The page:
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Today’s Gospel continues Jesus’ “Sermon on the Mount.” Like other teachers (Rabbis) in his day, he comments on the Law of Moses, the heart of which we know as “The Ten Commandments.” Moses had received the Law from God and no part of it was to be changed. Jesus teaches with the authority of God himself: “But I say to you…” His comments on what we know as the fifth, sixth and eighth commandments take us beyond the mere letter of the law to the values each one enshrines: human life and dignity, sexual purity in thought and action and the indissolubility of marriage, honesty and the integrity of one’s word.

Today is World Marriage Day. This observance is meant to highlight the fundamental importance of marriage in the life of the Church and society in general. The Church defines marriage as a “covenant by which a man and a woman establish between themselves a partnership of the whole of life…which is ordered by its very nature to the good of the spouses and the procreation and education of offspring.” (Cf. Canon 1055, §1) Pope Francis, in his Apostolic Exhortation Amoris Lætitia, states: “With inner joy and deep comfort, the Church looks to families who remain faithful to the teachings of the Gospel, encouraging them and thanking them for the testimony they offer. For they bear witness, in a credible way, to the beauty of marriage as indissoluble and perpetually faithful.” (n. 89)

Although the secular culture seems to have abandoned this marriage ideal, Pope Francis goes on to say: “In order to avoid all misunderstanding, I would point out that in no way must the Church desist from proposing the full ideal of marriage, God’s plan in all its grandeur.” (n. 307) If the Church were to abandon this ideal, knowledge of God’s plan for marriage would soon be forgotten.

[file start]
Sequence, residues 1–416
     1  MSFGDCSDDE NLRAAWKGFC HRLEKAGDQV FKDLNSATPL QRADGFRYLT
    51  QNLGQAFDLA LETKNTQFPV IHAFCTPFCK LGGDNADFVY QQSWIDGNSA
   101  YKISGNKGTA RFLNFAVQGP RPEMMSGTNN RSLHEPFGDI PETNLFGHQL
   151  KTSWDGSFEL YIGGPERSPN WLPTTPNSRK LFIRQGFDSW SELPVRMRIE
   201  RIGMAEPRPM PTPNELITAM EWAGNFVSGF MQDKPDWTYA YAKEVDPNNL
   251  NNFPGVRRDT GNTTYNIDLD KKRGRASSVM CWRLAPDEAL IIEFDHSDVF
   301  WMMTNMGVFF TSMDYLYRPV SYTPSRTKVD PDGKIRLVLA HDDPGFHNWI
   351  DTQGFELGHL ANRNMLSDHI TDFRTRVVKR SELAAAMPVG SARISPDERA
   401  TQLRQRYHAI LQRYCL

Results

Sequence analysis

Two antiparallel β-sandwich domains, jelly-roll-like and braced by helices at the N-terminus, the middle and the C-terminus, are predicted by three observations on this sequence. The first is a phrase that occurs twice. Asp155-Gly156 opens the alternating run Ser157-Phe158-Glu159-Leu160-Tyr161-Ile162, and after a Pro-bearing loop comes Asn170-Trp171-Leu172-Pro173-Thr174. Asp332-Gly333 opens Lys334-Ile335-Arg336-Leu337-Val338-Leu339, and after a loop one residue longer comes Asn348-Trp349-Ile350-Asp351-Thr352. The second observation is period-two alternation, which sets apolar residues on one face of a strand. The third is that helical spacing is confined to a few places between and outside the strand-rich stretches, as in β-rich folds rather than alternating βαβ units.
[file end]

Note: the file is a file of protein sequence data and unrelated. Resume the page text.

Probably no marriage is ideal. This is because human beings are not perfect. Nevertheless we are bound by the law of Christ. Pope Francis says: ““For the law is itself a gift of God which points out the way, a gift for everyone without exception; it can be followed with the help of grace.” (n. 295) Grace is the key, which is why Christ raised marriage to the dignity of a sacrament.

Sometimes, however, marriages fail. This is always sad and affects every member of the family. When a husband and wife can no longer live together, the Church even permits divorce in order to protect the civil rights and obligations of family members. Nevertheless, in keeping with Christ’s teaching in today’s Gospel, divorce does not dissolve a valid marriage bond and the parties are not free to enter another marriage. However if the marriage is found to be “unlawful”—to use Jesus’ words in today’s Gospel—or “invalid” according to the Church’s criteria today, the parties can be free to enter another marriage. The process for making this determination is the responsibility of a diocese’s matrimonial tribunal and the result may be a declaration of nullity.

The United States Conference of Catholic Bishops has a website called, “For Your Marriage.” You can find it at I invite you to check it out. A page that is helpful regarding the Church’s teaching on the indissolubility of marriage, separation, divorce and declarations of nullity is at

Of course the reason the second Sunday of February is World Marriage Day is because it is close to St. Valentine’s Day this Tuesday. You may celebrate marriage and get a head start on Valentine’s Day with the Sweetheart Pancake Breakfast at St. Peter’s this Sunday morning, serving from 8:30 to 11:30.

Pray the Rosary this week for the families of our parishes, especially those who are experiencing any kind of turmoil. Pray for all participating in our Alpha series. As always pray for peace and the safety of military personnel serving abroad.


May God bless his people with peace.

Monsignor Gorman